Because of the high expenses the petroleum industry has to incur in order to find hydrocarbons, any tool that helps predicting what is underneath earth’s surface is very valuable and economically desirable, and reflection seismic has become a very widely used tool, which has been going through development and research, and its implementation is particularly important in exploration and evaluation on stages previous to any kind of drilling techniques application.
How waves travel through the earth’s conforming materials and the models available for its description are very appreciated and often utilized as prospective or proved reservoir characterization technique. It has to be stated here, that as everything in life, for obtaining accuracy and validity from its information, some processes must be followed. Once the seismic data is obtained by methods described on a previous post, we convert it into reliable images of variables related with the real materials being logged (like travel time or velocity) and observe these ‘drawings’ with the intention of identifying how the different geological facies (roughly a type of rock) are distributed, for obtaining a better idea of where in the depositional system that created these sedimentary deposits, hydrocarbons could likely be accumulated, which is the task of a ‘branch’ of geophysics that fuses geology with geophysics, and sometimes other petroleum professionals.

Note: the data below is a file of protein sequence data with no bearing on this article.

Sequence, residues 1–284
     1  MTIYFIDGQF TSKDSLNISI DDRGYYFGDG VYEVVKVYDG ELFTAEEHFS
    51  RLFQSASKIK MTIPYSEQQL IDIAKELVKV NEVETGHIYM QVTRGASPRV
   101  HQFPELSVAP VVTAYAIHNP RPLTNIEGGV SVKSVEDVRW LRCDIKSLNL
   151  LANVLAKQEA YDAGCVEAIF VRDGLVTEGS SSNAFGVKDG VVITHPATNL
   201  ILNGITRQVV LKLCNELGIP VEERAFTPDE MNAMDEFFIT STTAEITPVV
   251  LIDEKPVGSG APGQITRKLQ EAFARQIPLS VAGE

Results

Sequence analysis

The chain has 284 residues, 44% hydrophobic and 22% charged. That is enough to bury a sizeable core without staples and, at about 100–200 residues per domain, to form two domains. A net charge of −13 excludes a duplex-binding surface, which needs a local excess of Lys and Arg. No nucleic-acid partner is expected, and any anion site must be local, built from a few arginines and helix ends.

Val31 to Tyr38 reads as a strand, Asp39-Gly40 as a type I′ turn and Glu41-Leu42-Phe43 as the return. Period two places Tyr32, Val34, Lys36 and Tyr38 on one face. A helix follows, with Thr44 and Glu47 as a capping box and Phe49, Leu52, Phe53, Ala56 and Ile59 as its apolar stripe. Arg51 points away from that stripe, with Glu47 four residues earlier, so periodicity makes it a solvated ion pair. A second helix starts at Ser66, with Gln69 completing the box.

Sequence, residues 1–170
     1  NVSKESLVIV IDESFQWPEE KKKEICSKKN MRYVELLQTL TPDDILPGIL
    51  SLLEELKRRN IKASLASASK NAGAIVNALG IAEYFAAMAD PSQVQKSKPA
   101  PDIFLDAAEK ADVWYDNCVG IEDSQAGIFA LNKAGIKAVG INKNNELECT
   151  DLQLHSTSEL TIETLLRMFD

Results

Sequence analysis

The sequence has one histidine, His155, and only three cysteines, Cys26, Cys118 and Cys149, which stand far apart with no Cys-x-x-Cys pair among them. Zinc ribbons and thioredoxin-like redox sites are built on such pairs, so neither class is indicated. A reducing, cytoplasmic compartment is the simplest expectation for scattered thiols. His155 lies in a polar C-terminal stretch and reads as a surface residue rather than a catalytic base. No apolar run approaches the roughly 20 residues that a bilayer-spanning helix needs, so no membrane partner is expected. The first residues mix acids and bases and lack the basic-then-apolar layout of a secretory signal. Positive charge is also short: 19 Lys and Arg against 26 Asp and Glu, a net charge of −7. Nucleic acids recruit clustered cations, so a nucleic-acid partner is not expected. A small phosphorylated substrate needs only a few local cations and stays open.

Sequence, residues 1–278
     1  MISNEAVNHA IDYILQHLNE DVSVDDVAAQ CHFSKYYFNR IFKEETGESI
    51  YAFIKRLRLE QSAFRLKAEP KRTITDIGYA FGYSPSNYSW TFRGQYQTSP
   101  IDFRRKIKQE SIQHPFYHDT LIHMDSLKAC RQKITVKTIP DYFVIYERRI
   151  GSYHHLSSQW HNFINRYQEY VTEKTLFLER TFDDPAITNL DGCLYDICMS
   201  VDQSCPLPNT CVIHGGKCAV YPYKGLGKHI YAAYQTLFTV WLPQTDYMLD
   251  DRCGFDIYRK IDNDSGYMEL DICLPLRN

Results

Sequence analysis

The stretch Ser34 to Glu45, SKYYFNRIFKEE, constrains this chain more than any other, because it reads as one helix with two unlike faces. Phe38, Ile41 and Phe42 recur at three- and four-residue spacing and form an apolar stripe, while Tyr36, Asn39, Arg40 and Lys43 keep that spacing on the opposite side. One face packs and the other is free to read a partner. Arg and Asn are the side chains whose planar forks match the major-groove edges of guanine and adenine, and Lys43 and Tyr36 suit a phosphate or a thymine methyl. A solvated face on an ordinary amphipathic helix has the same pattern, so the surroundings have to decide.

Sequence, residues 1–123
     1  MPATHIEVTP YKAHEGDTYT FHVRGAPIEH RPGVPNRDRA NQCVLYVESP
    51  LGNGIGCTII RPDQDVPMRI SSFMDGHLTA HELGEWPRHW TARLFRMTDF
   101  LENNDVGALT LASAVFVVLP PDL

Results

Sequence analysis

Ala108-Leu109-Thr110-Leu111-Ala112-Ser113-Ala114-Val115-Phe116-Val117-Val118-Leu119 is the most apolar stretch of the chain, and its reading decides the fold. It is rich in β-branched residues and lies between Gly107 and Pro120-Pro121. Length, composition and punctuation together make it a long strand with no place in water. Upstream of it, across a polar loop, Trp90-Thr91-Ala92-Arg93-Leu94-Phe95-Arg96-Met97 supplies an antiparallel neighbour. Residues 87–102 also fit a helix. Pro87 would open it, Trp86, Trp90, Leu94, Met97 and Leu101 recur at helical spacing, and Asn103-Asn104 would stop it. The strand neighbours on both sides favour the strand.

The first phase in seismic stratigraphic studies of a basin (big place for sediment deposition) fill is to delineate genetically related units, which are called Depositional Sequences. These secuences are regionally important and are further subdivided into system tracts, being delineated based on the presence of local unconformities and their laterally equivalent conformities. They contain a grouping of deposits from time-equivalent depositional systems. The depositional sequence is composed of a stack of system tracts. A distinction can be made between lowstand and highstand system tracts, referring to changes in relative sealevel. The basic method for the delineation of Depositional Sequence Boundaries is called ‘reflection termination mapping’ technique.
Basic Seismic Observations
When we look to a seismic section, we can distinguish four major groups of systematic reflections:
Sedimentary Reflections – represents bedding planes
Unconformities – discontinuities in the geological record
Artefacts – like diffractions, multiples, etc
Non-sedimentary reflections – like fault planes, fluid contacts, etc